Technology & Data
Social Change Agent Survey: Passion, Skill Set, and Persistence Lead to Career GrowthSandy Carter's 6 Social Business Lessons to Learn from Candy Crush5 Tips for Creating a Company Culture that Connects with Your Sweet Spot ClientsWhy Leadership Should Be a Collaborative Exercise
8 Internet User Statistics Every Small Business Should Know AboutCan't Find Time for Social Media? This Approach Will Help6 Ways to Turn Your Small Business into a Media Hub
- Social Organization
Beyond Engagement: Why Advocacy Is Always About the PeopleFormer IBM Senior Advisors Launch Brands Rising to Build Employee Advocacy ProgramsPerformance and Risk Management Through Social Media TrainingEmployee Advocacy Summit: Advocate Stories from the Field
- Customer Service
Join us September 15th in Atlanta for The Employee Advocacy Summit and learn how to unleash the power of your employees.
Post your event here and we'll share it with our community. If one of our members is featured, we'll promote as well on their profile.
- Marketplace & Webinars
The SMT Marketplace
Your resource for exclusive content and insights from Social Media Today, and opportunities to reach our community of professionals.
The Social Business Book Club brings you books, discussions, and insights from today's to business thought leaders.
Join interactive talks and and panel discussions with leading thinkers and practitioners on social media and networked business, or browse the catalogue of recorded sessions - all completely free.
Reach Social Media Today's community of marketing and communications professionals in an editor-approved context with a native advertising package.
Employees on Social Media? Have No Fear
Posted on August 28th 2014
Increasingly, organizations are terrified of the specter of employees on social media. What could go wrong? How can they protect themselves?
Despite even my own words of caution in my recent Forbes.com column, Can An Employee’s Tweet Land An Employer In Court? I can attest that with a few preparatory steps, not only can organizations alleviate most risk, they can turn their employees’ social media activities into branding benefits and revenue gold.
A global law firm Proskauer Rose LLP recently completed the third of its annual studies on social media as it pertains to employers and law. The study is far from comprehensive –in a field of 5,000 invited participants, this data is based on the responses of just 110. But here is what they discovered: Of the 110 companies that responded
- 78 companies took precautions against misrepresenting the views of the business.
- 74 took precaution against “inappropriate nonbusiness use”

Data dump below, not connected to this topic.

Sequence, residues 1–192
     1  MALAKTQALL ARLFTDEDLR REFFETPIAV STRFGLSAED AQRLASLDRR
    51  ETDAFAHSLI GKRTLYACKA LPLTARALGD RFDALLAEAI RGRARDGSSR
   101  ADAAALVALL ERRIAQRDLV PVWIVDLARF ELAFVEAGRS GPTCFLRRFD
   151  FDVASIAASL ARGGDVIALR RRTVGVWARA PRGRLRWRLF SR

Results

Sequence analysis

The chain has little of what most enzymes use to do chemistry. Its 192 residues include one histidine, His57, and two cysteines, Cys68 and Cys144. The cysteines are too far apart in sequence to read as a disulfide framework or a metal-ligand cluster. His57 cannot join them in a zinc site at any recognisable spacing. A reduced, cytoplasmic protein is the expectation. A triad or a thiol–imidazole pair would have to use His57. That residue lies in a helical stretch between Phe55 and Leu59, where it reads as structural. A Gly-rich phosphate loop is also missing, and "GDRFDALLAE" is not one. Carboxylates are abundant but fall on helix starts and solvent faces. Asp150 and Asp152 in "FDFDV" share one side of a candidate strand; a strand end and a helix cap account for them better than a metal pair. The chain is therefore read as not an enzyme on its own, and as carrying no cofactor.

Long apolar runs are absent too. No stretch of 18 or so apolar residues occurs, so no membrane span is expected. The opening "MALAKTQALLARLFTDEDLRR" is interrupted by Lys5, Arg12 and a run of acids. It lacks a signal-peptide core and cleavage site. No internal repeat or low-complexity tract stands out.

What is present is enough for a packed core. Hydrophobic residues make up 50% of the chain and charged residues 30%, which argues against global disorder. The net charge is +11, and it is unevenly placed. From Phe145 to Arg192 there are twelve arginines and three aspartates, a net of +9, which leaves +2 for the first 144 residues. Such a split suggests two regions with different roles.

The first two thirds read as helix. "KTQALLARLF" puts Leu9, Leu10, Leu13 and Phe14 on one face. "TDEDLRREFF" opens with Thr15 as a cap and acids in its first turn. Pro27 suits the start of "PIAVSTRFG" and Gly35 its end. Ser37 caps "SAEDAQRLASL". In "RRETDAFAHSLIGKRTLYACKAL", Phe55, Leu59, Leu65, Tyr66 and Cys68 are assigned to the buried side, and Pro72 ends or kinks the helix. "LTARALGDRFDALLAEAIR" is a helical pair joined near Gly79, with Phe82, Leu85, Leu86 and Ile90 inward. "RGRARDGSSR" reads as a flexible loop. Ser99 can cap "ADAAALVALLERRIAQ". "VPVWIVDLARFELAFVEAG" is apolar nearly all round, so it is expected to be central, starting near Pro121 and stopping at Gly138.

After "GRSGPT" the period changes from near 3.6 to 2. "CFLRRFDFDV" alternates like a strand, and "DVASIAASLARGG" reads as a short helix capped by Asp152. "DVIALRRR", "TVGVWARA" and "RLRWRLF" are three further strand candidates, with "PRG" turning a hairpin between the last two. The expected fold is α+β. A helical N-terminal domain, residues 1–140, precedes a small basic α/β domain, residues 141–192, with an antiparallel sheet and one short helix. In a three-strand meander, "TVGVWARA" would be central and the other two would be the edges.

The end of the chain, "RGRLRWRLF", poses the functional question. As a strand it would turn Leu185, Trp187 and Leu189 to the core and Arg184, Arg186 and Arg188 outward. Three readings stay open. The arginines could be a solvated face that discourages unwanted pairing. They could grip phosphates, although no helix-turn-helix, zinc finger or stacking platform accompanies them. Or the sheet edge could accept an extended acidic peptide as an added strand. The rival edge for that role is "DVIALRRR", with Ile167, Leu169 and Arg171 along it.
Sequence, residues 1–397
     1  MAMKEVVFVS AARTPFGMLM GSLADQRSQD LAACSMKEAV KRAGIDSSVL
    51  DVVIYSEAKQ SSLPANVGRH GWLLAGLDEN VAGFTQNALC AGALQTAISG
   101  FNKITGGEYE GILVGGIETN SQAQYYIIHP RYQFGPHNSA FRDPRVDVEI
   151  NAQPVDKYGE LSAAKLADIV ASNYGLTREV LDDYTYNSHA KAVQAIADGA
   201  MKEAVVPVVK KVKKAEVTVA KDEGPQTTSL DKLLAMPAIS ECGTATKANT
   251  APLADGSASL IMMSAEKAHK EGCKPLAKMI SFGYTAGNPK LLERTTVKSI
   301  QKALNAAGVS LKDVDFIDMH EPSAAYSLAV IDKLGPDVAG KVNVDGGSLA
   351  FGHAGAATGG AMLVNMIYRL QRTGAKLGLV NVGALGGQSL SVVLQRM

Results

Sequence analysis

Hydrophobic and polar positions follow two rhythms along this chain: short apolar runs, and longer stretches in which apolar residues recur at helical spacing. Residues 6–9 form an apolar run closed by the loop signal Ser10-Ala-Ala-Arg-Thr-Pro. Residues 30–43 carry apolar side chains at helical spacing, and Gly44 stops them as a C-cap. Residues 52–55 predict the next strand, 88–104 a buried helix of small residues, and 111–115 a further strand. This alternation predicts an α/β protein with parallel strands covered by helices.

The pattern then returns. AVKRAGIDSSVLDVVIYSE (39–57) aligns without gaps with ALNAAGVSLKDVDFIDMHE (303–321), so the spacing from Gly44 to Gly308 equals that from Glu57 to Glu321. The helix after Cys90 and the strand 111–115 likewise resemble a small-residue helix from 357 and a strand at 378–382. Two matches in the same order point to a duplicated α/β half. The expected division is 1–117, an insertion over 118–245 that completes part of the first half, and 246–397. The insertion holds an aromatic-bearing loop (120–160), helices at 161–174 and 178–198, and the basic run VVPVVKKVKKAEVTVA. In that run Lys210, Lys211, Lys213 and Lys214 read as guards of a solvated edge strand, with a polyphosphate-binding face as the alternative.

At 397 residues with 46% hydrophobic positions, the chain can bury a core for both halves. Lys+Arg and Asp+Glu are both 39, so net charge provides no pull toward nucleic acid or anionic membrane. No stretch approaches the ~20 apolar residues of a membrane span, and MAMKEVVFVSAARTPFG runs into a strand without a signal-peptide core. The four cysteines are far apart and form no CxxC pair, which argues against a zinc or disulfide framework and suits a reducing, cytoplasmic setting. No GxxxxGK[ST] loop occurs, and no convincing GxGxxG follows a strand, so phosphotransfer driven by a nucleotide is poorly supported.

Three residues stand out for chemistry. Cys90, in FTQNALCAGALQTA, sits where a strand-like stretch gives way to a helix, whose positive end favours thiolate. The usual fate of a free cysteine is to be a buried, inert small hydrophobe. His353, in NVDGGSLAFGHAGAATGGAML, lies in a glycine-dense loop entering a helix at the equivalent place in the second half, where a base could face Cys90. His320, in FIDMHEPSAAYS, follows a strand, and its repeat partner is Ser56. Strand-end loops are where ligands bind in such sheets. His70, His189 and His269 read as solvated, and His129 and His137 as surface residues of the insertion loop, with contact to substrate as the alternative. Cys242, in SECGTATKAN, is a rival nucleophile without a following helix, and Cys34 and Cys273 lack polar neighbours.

- 70 took precautions against employees making disparaging remarks about other employees or the business or employees (an area in which companies need to proceed with care to be legal, according to International Law News)
So it’s clear there need to be social media ground rules, and thankfully the majority of organizations are taking positive steps. But what can they do to turn this prospective risk into a great opportunity? We can sum it up in two steps:
1) A social media policy that combines the input of legal and HR with social media expertise to give employees a clear understanding of what they can and can’t do on social media on company time (and even on their own time). The policy should provide full education of the reasons for guidelines, and the ramifications of violating these rules. Employees should confirm by signed agreement that they understand and commit to the policy as well. With this forethought, education and commitment in place, companies can move to the greater potential of social media on the job—the emerging realm of employee advocacy.
2) Employee advocacy provides willing and qualified employees with additional education and guidelines to act as thought leaders and brand advocates on the organization’s behalf. This is not a function of using employees as thinly veiled “shills”—it is a chance for employees to gain additional skills, visibility, and promotability within the organization (or any future organization). Employees learn to present, to blog, and to communicate more effectively in a way that also amplifies the company’s branding messages many fold. Research by my own organization, Everyonesocial.com, shows that an organization of 1250 can (among other things) increase revenue by 19% and an earned media advertising value of $1.2M.
Why are these advantages so great? With a properly managed employee advocacy program, the messages are, quite simply, consistent and consistently amplified. These benefits are simple math. But beyond this benefit, the companies who maximize their employees’ use of social media are increasingly gaining an “X factor” benefit as well—the employees who choose to advocate on their companies’ behalves become more capable themselves better. Some call it the Service-Profit Chain and have researched and documented the connection from employee loyalty to excellence in customer service to customer loyalty and ultimately to profit.
I prefer to call it the “Cycle of Love.” But in any respect, the education, involvement and advancement of employees in a company’s social media programs is a virtuous cycle in which everyone wins.
In summary, today’s organizations shouldn’t fear the prospect of their employees on social media. Instead, they should provide employees with the right level of social media tools and education to allow both the employees and their organizations to succeed.